2016 Tillman Scholar

Rob Faulk

University of St. Augustine

“True leadership is how someone lives, deals with adversity, influences others and strives to be better.”

Never knowing his own father, Rob initial motivation for military service was to be a father that his children could look up to. During his youth, his mother was sent to prison when he was five years old, leaving Rob and his sister scattered between foster homes without a consistent positive figure to emulate. By enlisting as an Army medic, he wanted to pursue a career that would make a positive difference in the world and provide his own children with a healthy environment in which to flourish.

Following his tour after 9/11, Rob wanted to have a greater impact in the lives of soldiers and their families while deployed and at home. Passionate about helping injured and wounded soldiers recover, he was drawn to physical therapy and started the Amputee Program at Walter Reed Army Medical Center. There, he learned the most significant lesson of military service, that true leadership has little to do with titles, but instead constitutes how someone lives, deals with adversity, influences others and strives to become better. At Walter Reed, he was ceaselessly inspired by the determined pursuit of excellence in his patients, and he started taking night and weekend community college courses to advance his own training as a rehabilitation expert.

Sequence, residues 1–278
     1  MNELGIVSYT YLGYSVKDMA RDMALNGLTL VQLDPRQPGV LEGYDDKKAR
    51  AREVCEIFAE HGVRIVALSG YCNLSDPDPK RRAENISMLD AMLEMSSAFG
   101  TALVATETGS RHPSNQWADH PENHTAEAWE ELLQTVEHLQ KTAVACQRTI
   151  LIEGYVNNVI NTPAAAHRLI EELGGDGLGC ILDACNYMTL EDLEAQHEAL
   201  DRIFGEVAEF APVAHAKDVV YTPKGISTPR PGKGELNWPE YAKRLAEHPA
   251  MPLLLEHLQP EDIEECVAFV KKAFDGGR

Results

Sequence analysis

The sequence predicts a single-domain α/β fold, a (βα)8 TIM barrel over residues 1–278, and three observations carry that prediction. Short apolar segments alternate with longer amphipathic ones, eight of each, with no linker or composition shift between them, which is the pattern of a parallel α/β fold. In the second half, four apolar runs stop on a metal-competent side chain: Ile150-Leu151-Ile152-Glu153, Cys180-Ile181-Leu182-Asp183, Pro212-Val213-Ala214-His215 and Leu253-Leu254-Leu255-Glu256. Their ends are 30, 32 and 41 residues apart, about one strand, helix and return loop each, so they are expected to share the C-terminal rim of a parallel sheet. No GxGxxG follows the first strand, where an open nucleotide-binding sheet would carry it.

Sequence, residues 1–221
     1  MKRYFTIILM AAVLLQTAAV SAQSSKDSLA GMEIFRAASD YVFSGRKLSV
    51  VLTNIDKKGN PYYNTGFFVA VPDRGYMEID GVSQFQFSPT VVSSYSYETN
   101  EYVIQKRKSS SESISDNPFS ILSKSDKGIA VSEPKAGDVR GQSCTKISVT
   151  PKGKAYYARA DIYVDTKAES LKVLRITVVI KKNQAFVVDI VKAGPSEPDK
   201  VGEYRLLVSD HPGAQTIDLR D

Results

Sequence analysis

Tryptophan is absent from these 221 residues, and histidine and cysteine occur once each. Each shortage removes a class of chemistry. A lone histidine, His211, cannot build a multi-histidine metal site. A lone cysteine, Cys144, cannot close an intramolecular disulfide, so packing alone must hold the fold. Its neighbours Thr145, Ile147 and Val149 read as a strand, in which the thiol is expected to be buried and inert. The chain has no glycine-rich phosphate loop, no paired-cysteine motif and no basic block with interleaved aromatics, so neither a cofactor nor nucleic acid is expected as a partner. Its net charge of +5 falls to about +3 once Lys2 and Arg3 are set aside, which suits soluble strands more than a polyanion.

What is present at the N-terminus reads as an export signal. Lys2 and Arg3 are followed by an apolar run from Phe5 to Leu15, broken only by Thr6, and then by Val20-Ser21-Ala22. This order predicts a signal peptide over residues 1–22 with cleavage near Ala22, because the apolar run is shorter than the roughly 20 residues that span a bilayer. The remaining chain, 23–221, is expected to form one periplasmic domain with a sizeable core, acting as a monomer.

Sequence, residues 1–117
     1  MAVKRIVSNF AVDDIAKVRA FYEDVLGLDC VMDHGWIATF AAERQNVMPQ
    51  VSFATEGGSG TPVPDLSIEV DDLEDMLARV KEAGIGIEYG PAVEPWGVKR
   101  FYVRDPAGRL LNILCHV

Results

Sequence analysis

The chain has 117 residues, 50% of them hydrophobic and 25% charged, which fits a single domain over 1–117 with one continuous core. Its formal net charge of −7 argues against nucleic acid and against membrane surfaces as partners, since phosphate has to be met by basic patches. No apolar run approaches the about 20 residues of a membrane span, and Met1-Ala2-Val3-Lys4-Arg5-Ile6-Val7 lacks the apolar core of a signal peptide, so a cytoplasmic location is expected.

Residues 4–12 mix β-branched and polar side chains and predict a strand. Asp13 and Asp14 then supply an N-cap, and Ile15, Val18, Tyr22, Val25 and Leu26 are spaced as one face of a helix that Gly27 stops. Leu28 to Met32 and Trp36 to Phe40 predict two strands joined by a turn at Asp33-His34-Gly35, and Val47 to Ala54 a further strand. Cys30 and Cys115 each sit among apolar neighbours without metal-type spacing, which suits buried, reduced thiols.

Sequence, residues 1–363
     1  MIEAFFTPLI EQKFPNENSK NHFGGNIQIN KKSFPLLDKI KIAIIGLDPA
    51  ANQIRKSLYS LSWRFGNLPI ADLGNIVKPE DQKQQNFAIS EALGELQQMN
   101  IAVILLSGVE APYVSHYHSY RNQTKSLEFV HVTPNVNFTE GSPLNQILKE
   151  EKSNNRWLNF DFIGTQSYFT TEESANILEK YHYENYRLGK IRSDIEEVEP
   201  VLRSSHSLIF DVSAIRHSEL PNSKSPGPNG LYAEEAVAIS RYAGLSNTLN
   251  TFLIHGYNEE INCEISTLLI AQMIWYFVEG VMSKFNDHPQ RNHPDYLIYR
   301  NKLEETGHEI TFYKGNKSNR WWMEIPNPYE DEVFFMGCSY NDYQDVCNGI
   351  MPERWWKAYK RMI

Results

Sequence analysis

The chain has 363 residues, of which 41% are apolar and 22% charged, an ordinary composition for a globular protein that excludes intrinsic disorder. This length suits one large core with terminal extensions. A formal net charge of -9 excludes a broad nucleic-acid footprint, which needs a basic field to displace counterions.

By pursuing his doctorate in physical therapy, Rob is now focused on learning the foundation of care: injury prevention programs. While the military undertakes a certain level of unavoidable injury risk, he believes it’s critical that as we find ways to help the Army’s elite soldiers become stronger, faster, and more technically and tactically efficient, we must also ensure that we educate them on how to prevent injury, how to self-treat when necessary, how do identify in themselves and their teammates the early stages of decreased performance and mental focus, and how to recover from physical, emotional, and mental stressors. After completing his doctorate, Rob will continue serving within the U.S. Army as a noncommissioned officer. Though qualified to become an officer, he is committed to staying with the Army’s elite soldiers, even at the sacrifice of higher rank.